Home sales fall 4.9% in slow start to spring buying season

FILE- In this Feb. 20, 2019, file photo a coming soon for sale sign sits in front of a home in the Dallas suburb of Richardson, Texas. On Monday, April 22, the National Association of Realtors reports on sales of existing homes in March. (AP Photo/LM Otero, File)

WASHINGTON — Sales of existing U.S. homes fell in March after a huge gain the previous month, held back partly by a sharp slowdown among the most expensive properties.

The National Association of Realtors said Monday that home sales fell 4.9% to a seasonally adjusted annual rate of 5.21 million, down from 5.48 million in February. The drop followed an 11.2% gain the previous month, the largest in more than three years.

Home sales are struggling to rebound after slumping in the second half of last year, when a jump in mortgage rates to nearly 5% discouraged many would-be buyers.

Realtors expect sales to rebound in coming months. Borrowing costs have since fallen back to an average of 4.2% on a 30-year fixed mortgage. And solid hiring is pushing employers to pay higher wages, making it easier for more Americans to afford a home purchase.

Applications for mortgages to purchase homes have been running at a healthy pace in recent months, evidence that final sales should pick up in the coming months. Demand remains strong, with homes on the market for an average of 36 days in March, down from 44 in February.

Still, a split in the market has emerged, thanks partly to the Trump administration's tax cut law. Sales increased slightly among mid-priced homes but fell sharply among homes priced at $1 million or more.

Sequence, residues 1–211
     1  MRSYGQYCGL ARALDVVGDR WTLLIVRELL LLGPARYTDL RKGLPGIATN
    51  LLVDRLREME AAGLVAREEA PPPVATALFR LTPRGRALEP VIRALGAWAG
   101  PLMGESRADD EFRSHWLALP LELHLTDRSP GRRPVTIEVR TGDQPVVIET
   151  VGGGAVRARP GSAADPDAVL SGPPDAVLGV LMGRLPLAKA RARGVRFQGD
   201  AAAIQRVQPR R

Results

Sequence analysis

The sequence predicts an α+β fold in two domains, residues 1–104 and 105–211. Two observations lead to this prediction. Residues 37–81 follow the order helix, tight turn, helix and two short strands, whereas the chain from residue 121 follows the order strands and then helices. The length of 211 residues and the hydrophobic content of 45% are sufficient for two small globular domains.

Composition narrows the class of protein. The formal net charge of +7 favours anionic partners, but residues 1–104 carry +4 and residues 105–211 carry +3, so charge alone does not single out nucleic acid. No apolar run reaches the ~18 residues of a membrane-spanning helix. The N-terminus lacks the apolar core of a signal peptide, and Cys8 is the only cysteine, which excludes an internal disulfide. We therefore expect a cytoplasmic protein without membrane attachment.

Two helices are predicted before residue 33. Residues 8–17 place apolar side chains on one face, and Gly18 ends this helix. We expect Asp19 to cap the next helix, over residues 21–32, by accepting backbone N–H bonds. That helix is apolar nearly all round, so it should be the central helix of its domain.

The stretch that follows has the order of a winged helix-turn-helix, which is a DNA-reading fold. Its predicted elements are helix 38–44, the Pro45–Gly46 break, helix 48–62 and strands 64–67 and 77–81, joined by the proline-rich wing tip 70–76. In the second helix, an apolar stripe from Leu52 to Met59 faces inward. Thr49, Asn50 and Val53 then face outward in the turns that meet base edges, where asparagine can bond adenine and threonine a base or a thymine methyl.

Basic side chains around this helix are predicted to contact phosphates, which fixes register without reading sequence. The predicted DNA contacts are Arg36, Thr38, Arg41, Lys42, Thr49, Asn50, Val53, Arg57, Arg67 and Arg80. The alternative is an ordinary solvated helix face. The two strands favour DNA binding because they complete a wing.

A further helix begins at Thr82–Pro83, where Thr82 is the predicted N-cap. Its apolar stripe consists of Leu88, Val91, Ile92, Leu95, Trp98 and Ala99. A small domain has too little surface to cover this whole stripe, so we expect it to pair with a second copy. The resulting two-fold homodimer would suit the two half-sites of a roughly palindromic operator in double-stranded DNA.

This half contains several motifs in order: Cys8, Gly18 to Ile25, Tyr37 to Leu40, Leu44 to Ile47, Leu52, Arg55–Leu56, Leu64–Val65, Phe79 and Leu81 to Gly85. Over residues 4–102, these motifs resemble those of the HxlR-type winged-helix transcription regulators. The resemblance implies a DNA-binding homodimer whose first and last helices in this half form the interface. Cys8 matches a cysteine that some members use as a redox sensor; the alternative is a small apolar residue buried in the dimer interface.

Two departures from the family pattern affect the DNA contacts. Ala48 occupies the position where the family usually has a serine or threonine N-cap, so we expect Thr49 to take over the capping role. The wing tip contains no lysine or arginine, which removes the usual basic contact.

Lawrence Yun, chief economist at the NAR, said that the tax changes that have limited the ability of wealthier homeowners to deduct mortgage interest payments and property taxes. That's discouraging sales of more expensive homes.

Developers have built more expensive homes in recent years while pulling back from cheaper properties, even as middle-income Americans are eager to buy.

"The lower-end market is hot while the upper-end market is not," Yun said.

The broader U.S. economy is looking much better now than it did a couple of months ago, when the government shutdown, slumping retail sales and slower global growth threatened to drag down the U.S. economy.

Earlier this year, economists forecast growth could fall to as low as 0.5% at an annual rate in the first three months of the year. Now, analysts expect the government on Friday could report growth as high as 2.8%.

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